At a campaign event Wednesday in Bettendorf, Iowa, Romney was asked by a citizen why none of his own five sons have served in the military.

In response, Romney initially sounded a simple and sensible note:
“My sons are all adults and they’ve made decisions about their careers and they’ve chosen not to serve in the military and active duty and I respect their decision in that regard.”

Fair enough.

Then Romney went off the scale with a note so sour it made national news.

“One of the ways my sons are showing support for our nation,” Romney explained, “is helping me get elected because they think I’d be a great president.”

Gee, thanks boys!

Romney had begun the campaign event by calling for a “surge in support” for the troops in Iraq. For some, whether one agrees or not, that surge actually involves standing shoulder to shoulder with those troops. One of Romney’s republican rivals, Arizona Sen. John McCain, has two sons in active military service, one of whom is currently on an Iraq deployment.

But why quibble? To Romney, service is service, whether it is dodging enemy bullets or dishing on your blog.

See, the Romney sons -- Josh, Tagg, Craig, Matt and Ben -- don’t just drive back and forth across Iowa in service to their dad -- er, nation -- they also blog about it all, too.

But the Bettendorf incident only adds to what is growing on Mitt Romney like Pinocchio’s nose -- namely, the sense that this man will say virtually anything
to appeal to the more troglodyte tier of the Republican base.

At the same time, Romney will also disavow anything he has said if it helps him politically. Hell, he’s even disavowed an entire state. Romney has taken great pains to make sure no taint of Massachusetts blue has rubbed off on his new red state persona.

Whether it’s his changed positions on abortion, stem cell research, gun control or gay rights, the Mitt Macarena is the most entertaining dance of the ’08 campaign so far. Equating actual military service with helping daddy be president? Hey, why not? I’m Mitt Romney and dammit, I believe in me. And so do my sons the bloggers.

But what is blind belief for Mitt and his sons, conjures a different “b” word for lots of others who are observing this smarmy snake-oil salesman slither his way across America.

In a bit of irony perhaps lost on the boys, their latest blog entry shows Josh and Tagg in Audubon County, Iowa, posing beneath the massive statue of Albert, “the world’s largest bull.”

All in support of their dad, Mitt Romney, who is perhaps the world’s biggest bull--
…….well, you get the idea.

Saturday, August 4, 2007

Bridge To Nowhere

In running for president in 1992, Bill Clinton spoke frequently about “building a bridge to the 21st century.” That was metaphor. Little did we know that some of our actual, physical 20th century bridges would not last long into the new century.

The fatal I-35W bridge collapse in Minneapolis was a cry for help from the nation’s aging, crumbling infrastructure.
Too bad too few are listening.

As campaign issues go, it’s not a “sexy” one.
It’s not about war, gay marriage or climate change.
And yet, as we see, it is nonetheless about life and death.

Some big-city mayors focus on infrastructure elements like bridges, roads, and water systems. And they get nicknames like Boston’s Thomas M. Menino: “Mayor Pothole.” We need more “Mayor Potholes.” We need a “President Pothole.”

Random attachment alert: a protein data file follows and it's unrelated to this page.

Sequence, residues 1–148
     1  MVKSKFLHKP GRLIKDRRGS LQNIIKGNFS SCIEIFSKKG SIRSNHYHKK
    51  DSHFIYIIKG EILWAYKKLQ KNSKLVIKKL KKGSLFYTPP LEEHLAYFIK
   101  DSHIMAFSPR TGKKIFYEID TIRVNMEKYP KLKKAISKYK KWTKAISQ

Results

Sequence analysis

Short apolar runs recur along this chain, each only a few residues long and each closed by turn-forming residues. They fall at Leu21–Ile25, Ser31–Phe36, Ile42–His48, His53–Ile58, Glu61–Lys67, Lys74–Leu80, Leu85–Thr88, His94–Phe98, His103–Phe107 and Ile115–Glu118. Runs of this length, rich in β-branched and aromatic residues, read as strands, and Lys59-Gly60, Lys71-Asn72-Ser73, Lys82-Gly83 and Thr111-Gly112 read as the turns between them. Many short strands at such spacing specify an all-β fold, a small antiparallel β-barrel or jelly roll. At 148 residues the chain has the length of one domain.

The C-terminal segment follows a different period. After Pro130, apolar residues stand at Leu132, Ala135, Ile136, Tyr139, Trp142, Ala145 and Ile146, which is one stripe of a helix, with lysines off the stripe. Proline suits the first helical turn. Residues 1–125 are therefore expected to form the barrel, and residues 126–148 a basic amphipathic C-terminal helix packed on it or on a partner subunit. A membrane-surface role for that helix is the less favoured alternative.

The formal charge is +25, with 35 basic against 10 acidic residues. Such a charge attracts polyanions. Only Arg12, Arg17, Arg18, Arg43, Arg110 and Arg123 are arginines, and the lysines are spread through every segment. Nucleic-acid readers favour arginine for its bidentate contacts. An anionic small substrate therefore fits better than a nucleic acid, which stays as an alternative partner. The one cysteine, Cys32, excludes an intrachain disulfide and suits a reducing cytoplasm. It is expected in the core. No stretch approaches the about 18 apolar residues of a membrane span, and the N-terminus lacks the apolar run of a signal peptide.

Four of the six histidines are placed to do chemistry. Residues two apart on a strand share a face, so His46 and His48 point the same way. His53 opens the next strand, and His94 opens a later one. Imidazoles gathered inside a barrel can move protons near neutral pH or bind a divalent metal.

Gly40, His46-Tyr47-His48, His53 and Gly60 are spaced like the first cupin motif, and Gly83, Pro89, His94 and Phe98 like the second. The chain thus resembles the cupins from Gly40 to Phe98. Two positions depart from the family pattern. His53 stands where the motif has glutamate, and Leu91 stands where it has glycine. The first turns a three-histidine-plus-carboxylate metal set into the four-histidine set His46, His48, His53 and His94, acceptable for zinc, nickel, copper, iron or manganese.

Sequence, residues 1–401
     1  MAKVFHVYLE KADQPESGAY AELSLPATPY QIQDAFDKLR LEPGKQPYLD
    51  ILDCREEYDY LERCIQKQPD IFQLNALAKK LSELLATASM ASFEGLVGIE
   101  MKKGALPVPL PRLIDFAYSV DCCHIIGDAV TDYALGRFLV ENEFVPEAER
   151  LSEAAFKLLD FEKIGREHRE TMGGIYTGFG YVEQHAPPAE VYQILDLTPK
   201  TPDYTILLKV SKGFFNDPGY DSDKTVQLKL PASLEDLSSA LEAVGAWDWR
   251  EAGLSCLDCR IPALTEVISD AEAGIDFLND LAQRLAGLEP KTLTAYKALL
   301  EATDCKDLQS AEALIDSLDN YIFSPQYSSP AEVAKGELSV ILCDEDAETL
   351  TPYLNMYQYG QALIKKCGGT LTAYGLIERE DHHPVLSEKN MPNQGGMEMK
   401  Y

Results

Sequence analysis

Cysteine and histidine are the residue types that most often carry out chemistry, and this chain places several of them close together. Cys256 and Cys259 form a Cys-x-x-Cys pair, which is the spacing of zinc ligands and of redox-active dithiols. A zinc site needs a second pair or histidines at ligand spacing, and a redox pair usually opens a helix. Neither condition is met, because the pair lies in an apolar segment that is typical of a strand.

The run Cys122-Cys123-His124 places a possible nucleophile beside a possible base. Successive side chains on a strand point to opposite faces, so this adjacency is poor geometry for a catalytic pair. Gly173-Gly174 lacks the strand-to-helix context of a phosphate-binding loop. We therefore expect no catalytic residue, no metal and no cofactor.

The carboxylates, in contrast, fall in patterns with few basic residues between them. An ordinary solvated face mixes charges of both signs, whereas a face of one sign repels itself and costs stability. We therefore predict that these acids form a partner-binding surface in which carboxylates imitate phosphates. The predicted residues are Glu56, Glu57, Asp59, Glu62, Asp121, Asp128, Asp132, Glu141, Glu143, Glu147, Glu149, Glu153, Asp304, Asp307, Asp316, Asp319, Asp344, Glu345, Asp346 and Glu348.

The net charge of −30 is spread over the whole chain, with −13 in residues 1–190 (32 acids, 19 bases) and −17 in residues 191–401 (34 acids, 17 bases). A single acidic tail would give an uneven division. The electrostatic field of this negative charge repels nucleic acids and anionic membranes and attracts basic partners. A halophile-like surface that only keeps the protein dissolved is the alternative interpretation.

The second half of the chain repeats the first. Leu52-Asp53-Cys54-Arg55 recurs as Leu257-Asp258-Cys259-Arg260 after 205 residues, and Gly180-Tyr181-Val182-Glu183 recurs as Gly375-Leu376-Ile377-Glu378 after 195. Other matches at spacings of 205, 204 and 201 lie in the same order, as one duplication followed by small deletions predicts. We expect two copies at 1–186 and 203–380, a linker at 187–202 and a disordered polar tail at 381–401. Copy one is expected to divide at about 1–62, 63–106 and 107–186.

How bad and how pervasive nationally is our ailing infrastructure? Perform the following quick, simple test: How often do you drive over a bridge or under an overpass, notice clearly old, rusting metal or crumbling concrete, and think to yourself, “God, just don’t let this thing go while I am going through?”

I do that several times a week. And you?

I have driven for years under a stretch of Route 9 in Wellesley that has finally been undergoing re-construction. Before that, I would pray that my drive through did not coincide with an 18-wheeler passing overhead.

Turns out I wasn’t imagining things.

Among states, Massachusetts ranks second-to-last when it comes to bad bridges. The American Society of Civil Engineers has found that 51% of bridges in Massachusetts are are “structurally deficient” or “functionally obsolete.” .

Ironically, just days before the disaster in Minnesota, the Berkshire Eagle reported on an overpass in Hadley, Massachusetts that is one of 39 rated “structurally deficient” just in that western section of the state alone..

Michael Widmer, president of the Massachusetts Taxpayers Foundation, is quoted as calling the Hadley span, “a disaster waiting to happen.”

Eerie words now.

The Minneapolis bridge had also been rated “structurally deficient” and “functionally obsolete.” Yet Minnesota’s bridges are supposed to be some of the country’s safest. With only 12.2% of its bridges rated “deficient,” the state ranks third in the country in terms of bridge quality. No matter. Minneapolis now becomes the poster child of our decaying infrastructure.

How expensive would it be to repair the nation’s infrastructure? Hugely.
Most estimates begin at $1-trillion. Can we afford it? It is, as they say, a matter of priorities.

Each day, America spends $200-million in Iraq. By September, we will have spent upwards of $456-billion since the invasion itself in 2003. Recently released projections estimate that, even if all U.S. troops withdraw from Iraq within three years, the long-term financial costs to American taxpayers may approach $2 -trillion dollars. Um, that’s a lot of bridgework.

We have a pretty simple choice. And smart presidential candidates, in the wake of the Minneapolis bridge collapse, would be wise to frame it so. We can continue to waste lives and money on a foreign policy disaster, or we can redirect that money to averting disaster and saving lives here at home.

And you don’t have to have a degree in civil engineering to make that choice.